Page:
• 2009 - $4.224 billion / $5.067 billion = 0.83
  • 2010 - $6.726 billion / $8.141 billion = 0.83
  • 2011 - $9.953 billion / $7.216 billion = 1.38

Over the past three years, the cash flow to total debt ratio has increased from 0.83 to 1.38. This increase is very positive. As the ratio is now above 1, this implies that the company has the ability to cover its total debt with its yearly cash flow from operations.

Based on the five debt ratios listed above, we can see that Apache's ratios indicate increasing health regarding its debt and income. The ratios indicate that the company's assets have been increasing slightly faster than the company's total debt. As this is the case, the ratios indicate a lower amount of financial risk to the company. The next step will reveal how much the company will pay for the debt incurred.

Cost of Debt

The cost of debt is the effective rate that a company pays on its total debt.

As a company acquires debt through various bonds, loans and other forms, the cost of debt metric is useful, because it gives an idea as to the overall rate being paid by the company to use debt financing.

This measure is also useful because it gives investors an idea as to the riskiness of the company compared with others. The higher the cost of debt the higher the risk.

8. Cost of debt (before tax) = Corporate Bond rate of company's bond rating.

According to the S&P rating guide, the "A" rating is - "Strong capacity to meet financial commitments but somewhat susceptible to adverse economic conditions and changes in circumstances." Apache Corp. has a rating that meets this description.

9. Current tax rate ( Income Tax total / Income before Tax)

  • 2007 - $1.860 billion / $4.673 billion = 39.80%
  • 2008 - $220 million / $932 million = 23.61%
  • 2009 - $611 million / $326 million = 187.42%
  • 2010 - $2.174 billion / $5.206 billion = 41.75%
  • 2011 - $3.509 billion / $8.093 billion = 43.36%

5-year average subtracting 2009 = 37.13%

Over the past five years subtracting 2009, Apache Corporation has averaged a tax rate of 37.13%.

10. Cost of Debt (After Tax) = (Cost of debt before tax) (1 - tax rate)

The effective rate that a company pays on its current debt after tax.

  • .0370 x (1 - .3713) = Cost of debt after tax

The cost of debt after tax for Apache is 2.33%

Cost of equity or R equity = Risk free rate + Beta equity (Average market return - Risk free rate)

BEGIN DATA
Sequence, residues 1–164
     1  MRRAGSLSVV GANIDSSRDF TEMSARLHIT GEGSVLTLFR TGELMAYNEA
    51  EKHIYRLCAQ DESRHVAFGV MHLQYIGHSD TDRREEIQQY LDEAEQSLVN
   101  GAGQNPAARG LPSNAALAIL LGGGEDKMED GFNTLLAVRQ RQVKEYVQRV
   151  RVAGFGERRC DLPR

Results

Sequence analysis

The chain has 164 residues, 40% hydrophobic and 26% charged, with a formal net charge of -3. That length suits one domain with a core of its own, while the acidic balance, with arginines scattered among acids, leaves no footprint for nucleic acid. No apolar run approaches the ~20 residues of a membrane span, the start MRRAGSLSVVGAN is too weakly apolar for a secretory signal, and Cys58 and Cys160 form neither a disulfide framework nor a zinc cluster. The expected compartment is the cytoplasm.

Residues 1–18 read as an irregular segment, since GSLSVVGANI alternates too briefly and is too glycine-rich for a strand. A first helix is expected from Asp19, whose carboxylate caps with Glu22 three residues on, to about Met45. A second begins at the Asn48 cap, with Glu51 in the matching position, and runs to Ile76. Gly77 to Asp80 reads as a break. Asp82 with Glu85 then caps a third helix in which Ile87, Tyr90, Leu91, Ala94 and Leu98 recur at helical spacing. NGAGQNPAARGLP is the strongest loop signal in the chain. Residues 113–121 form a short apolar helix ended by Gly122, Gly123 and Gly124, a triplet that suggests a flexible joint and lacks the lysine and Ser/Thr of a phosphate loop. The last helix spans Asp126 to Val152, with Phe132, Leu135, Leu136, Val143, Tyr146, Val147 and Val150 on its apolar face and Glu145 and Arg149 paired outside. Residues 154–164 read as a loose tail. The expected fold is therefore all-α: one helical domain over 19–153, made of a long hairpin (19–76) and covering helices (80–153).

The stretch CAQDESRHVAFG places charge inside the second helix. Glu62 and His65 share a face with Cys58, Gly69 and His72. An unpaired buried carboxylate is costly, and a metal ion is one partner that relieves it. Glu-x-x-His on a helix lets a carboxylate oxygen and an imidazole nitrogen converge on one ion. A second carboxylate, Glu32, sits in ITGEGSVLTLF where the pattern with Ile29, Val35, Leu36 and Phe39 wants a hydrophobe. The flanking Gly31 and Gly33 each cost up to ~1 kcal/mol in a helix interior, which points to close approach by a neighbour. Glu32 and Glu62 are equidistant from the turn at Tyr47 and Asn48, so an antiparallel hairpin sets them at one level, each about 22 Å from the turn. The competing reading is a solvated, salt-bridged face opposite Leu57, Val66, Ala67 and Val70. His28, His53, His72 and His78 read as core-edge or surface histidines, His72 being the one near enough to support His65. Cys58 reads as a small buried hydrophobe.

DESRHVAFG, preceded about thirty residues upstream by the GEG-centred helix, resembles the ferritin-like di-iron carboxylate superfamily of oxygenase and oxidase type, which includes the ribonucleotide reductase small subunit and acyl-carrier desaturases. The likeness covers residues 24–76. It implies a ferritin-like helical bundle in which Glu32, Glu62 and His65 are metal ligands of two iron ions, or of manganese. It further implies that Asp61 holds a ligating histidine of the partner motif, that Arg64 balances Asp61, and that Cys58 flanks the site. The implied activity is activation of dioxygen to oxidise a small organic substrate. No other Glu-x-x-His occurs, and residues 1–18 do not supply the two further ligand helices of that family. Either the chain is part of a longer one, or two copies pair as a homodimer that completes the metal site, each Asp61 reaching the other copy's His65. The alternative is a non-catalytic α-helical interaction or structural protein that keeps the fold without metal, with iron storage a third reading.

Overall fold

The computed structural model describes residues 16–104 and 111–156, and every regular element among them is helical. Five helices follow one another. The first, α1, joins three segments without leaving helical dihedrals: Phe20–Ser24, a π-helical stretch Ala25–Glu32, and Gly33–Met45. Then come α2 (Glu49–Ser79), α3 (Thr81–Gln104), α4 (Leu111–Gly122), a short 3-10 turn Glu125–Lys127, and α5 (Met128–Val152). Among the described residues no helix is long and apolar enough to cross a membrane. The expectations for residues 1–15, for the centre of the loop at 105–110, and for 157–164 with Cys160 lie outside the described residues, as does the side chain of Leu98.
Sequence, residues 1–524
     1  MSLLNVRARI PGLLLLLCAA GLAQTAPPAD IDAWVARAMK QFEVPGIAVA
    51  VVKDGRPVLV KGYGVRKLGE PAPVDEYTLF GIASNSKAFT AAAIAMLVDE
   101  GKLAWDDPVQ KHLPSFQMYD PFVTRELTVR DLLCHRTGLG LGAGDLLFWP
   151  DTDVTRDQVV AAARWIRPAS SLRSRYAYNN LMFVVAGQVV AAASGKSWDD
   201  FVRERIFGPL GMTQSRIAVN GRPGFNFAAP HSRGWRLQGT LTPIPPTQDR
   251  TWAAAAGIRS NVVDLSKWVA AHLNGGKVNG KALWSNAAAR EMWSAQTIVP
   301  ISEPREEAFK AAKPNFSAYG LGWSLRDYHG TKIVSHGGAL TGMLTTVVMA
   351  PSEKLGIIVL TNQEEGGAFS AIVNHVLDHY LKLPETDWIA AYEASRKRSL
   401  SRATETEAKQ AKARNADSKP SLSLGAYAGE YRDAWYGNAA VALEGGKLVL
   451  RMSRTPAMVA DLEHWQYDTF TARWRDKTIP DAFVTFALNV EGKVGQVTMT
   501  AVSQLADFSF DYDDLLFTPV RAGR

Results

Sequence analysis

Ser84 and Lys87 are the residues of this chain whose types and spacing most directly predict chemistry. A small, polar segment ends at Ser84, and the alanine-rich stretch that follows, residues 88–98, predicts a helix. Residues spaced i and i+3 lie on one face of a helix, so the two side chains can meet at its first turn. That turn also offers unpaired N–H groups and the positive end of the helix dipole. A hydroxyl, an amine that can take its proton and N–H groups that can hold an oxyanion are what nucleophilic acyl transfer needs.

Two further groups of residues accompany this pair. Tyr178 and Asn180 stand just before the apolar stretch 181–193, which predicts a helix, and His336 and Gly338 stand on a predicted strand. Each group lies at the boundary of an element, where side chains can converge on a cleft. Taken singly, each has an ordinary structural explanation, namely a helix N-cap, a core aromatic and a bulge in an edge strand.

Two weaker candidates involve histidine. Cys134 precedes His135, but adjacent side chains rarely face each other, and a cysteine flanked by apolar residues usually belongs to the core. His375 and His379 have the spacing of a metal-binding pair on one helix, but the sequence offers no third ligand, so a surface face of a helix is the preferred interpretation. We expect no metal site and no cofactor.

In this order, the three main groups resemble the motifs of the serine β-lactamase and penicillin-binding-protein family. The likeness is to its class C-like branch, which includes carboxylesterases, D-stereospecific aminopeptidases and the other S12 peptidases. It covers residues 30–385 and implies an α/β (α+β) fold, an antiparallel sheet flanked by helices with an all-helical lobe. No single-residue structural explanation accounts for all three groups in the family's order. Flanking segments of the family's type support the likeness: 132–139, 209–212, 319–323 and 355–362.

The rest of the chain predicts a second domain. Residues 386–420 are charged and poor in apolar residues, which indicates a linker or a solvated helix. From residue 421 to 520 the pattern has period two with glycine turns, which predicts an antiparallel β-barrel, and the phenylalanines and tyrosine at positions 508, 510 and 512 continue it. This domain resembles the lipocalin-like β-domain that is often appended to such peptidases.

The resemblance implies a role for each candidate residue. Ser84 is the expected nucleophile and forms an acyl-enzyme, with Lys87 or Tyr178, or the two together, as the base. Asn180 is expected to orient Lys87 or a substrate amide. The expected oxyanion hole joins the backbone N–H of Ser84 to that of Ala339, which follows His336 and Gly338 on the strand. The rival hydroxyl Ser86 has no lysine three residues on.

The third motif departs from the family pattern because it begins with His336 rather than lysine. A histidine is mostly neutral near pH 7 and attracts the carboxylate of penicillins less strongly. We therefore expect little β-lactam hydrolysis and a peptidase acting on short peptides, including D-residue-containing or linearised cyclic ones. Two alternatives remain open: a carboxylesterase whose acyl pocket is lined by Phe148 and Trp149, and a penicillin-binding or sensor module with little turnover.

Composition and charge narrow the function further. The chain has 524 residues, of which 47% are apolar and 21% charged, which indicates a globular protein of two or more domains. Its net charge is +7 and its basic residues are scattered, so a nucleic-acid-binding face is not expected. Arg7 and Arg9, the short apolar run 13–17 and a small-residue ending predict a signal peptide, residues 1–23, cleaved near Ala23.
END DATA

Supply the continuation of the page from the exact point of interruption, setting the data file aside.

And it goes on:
The cost of equity is the return a firm theoretically pays to its equity investors, for example, shareholders, to compensate for the risk they undertake by investing in their company.

  • Risk free rate = U.S. 10-year bond = 1.67% (Bloomberg)
  • Average market return 1950 - 2011 = 7%
  • Beta = (Google Finance) Apache's beta = 1.32

Risk free rate + Beta equity (Average market return - Risk free rate)

  • 1.67 + 1.32 (7-1.67)
  • 1.67 + 1.32 x 5.33
  • 1.67 + 7.04 = 8.71%

Apache Corporation has a cost of equity or R Equity of 8.71%, so investors should expect to get a return of 8.71% per-year average over the long term on their investment to compensate for the risk they undertake by investing in this company.

(Please note that this is the CAPM approach to finding the cost of equity. Inherently, there are some flaws with this approach and that the numbers are very "general." This approach is based off of the S&P average return from 1950 - 2011 at 7%, the U.S. 10-year bond for the risk free rate which is susceptible to daily change and Google finance beta.)

Weighted Average Cost of Capital or WACC

The WACC calculation is a calculation of a company's cost of capital in which each category of capital is equally weighted. All capital sources such as common stock, preferred stock, bonds and all other long-term debt are included in this calculation.

As the WACC of a firm increases, and the beta and rate of return on equity increases, this states a decrease in valuation and a higher risk.

By taking the weighted average, we can see how much interest the company has to pay for every dollar it finances.

For this calculation, you will need to know the following listed below: